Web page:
When you work and pay FICA or self-employment taxes, you earn retirement credits that lead to Medicare eligibility. You get four credits a year if your income exceeds a very nominal threshold, and you will earn eligibility when you have accumulated a total of 40 credits.
A married person can qualify on their spouse’s work record, so the vast majority of senior citizens can enroll in the Medicare program when they reach the age of 65.
Sine this is a health insurance program for senior citizens, you may be lulled into a false sense of security when it comes to the expenses that are covered.
More than half of seniors will need paid long-term care eventually, and 13 percent of them will require the assistance for at least five years. Long-term care expenses are considerable, and Genworth Financial has been keeping tabs on the costs around the country for a number of years.
We practice law in Naperville, Illinois, and the surrounding area, and according to Genworth, the median annual charge for a private room in a nursing home in our area last year was $102,383. The median cost for an in-home health aide was $60,632 in 2020.
Medicare does not pay for long-term care, but Medicaid will pick up the tab if you can gain eligibility. This is why Medicaid should be on your radar even if you will qualify for Medicare when you are 65 years of age.
You cannot qualify for Medicaid if you have more than $2000 in countable assets, but some assets are not counted. Your home is exempt with an equity limit of $603,000 this year.
If a healthy spouse is residing in the home while their spouse is entering a nursing facility, there is no equity limit.
The fact that you can qualify for Medicaid while you are still in possession of a home is comforting on the surface, but there is more to the story.
Medicaid is required to seek reimbursement from the estates of beneficiaries after their passing. Yes, you can qualify as a homeowner, but a lien can be placed on the property after your death.
Other non-countable assets include one vehicle, wedding and engagement rings, heirloom jewelry, household effects, and personal belongings. You can also have unlimited term life insurance, $1500 of whole life insurance, and $1500 saved for final expenses.
When a married individual is applying for Medicaid while their spouse is still going to live in the community, the healthy spouse is entitled to a Community Spouse Resource Allowance. This is half of the shared assets that are countable, but there is a limit. In our state, the limit is $109,560.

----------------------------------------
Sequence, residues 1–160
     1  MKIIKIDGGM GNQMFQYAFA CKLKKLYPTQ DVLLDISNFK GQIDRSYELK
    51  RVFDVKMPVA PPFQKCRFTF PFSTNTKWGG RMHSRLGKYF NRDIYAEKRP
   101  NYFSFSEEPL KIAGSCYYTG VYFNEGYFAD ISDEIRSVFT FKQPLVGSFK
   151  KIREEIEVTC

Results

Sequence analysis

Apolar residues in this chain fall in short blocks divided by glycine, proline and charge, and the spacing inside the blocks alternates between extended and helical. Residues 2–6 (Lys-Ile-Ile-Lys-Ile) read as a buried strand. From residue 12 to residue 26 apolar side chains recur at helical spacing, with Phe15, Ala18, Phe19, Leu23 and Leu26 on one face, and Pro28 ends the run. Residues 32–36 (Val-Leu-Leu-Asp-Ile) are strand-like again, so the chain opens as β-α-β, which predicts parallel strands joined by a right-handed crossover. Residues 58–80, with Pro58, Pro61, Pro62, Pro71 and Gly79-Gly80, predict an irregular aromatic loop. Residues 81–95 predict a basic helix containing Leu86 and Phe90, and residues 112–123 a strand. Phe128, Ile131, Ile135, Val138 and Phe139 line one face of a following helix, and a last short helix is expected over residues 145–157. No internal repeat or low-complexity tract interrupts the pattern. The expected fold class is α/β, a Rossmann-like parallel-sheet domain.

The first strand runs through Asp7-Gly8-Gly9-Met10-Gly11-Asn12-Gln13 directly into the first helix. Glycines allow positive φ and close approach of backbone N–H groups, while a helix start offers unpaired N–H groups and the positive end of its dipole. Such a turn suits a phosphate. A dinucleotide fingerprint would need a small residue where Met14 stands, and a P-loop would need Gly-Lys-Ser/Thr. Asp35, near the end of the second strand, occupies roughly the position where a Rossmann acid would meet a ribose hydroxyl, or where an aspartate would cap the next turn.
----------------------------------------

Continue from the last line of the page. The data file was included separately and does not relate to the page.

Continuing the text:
A Medicaid beneficiary can receive a monthly personal needs allowance of $30, and the rest of their income must go toward the cost of the care that is being received.
However, if a healthy spouse is relying on the income, they can qualify for a Monthly Maintenance Needs Allowance. They would be able to keep the income, but there is a limit of $2739 a month this year.
Medicaid Trust and Five-Year Look-Back Period
You can get countable assets out of your name to qualify for Medicaid if you convey them into a Medicaid trust. This would be an irrevocable trust, and you would surrender access to the principal, but you could receive income that is generated by the assets in the trust.
If you apply for Medicaid, the assets would not count if you act in advance. There is a five-year look-back period, so the funding must be completed at least five years before you submit your application for Medicaid coverage.
A penalty would be imposed if you violate this rule, and it would be tied to the cost of nursing home care and the amount of the divestiture. For example, if you fund a trust with enough to pay for 18 months of nursing home care, your eligibility would be delayed by 18 months.
We Are Here to Help!
Our doors are open if you are ready to work with a Naperville, Aurora, North Aurora, Montgomery, Oswego, Batavia, Downers Grove, Bolingbrook, Woodridge, Illinois elder law attorney to put a plan in place. You can send us a message to request a consultation appointment, and we can be reached by phone at 630-568-8611.